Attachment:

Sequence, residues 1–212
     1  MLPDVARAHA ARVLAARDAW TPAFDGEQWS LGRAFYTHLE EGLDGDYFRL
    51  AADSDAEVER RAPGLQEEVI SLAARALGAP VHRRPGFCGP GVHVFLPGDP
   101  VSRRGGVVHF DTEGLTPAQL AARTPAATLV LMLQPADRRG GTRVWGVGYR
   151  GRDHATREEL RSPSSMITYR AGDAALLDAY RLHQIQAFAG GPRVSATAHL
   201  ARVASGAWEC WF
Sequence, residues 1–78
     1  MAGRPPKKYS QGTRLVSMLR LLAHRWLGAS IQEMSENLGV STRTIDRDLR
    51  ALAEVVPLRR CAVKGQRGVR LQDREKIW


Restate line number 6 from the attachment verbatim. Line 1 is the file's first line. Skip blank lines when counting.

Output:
   201  ARVASGAWEC WF